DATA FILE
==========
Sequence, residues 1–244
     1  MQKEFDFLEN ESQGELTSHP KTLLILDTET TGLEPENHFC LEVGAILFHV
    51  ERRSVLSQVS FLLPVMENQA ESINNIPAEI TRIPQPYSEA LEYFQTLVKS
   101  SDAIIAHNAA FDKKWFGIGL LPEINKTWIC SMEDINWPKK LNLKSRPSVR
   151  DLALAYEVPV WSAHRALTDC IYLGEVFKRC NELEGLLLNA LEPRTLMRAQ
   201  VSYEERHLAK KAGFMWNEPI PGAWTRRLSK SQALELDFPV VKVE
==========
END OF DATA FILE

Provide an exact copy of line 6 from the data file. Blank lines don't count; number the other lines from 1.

   201  VSYEERHLAK KAGFMWNEPI PGAWTRRLSK SQALELDFPV VKVE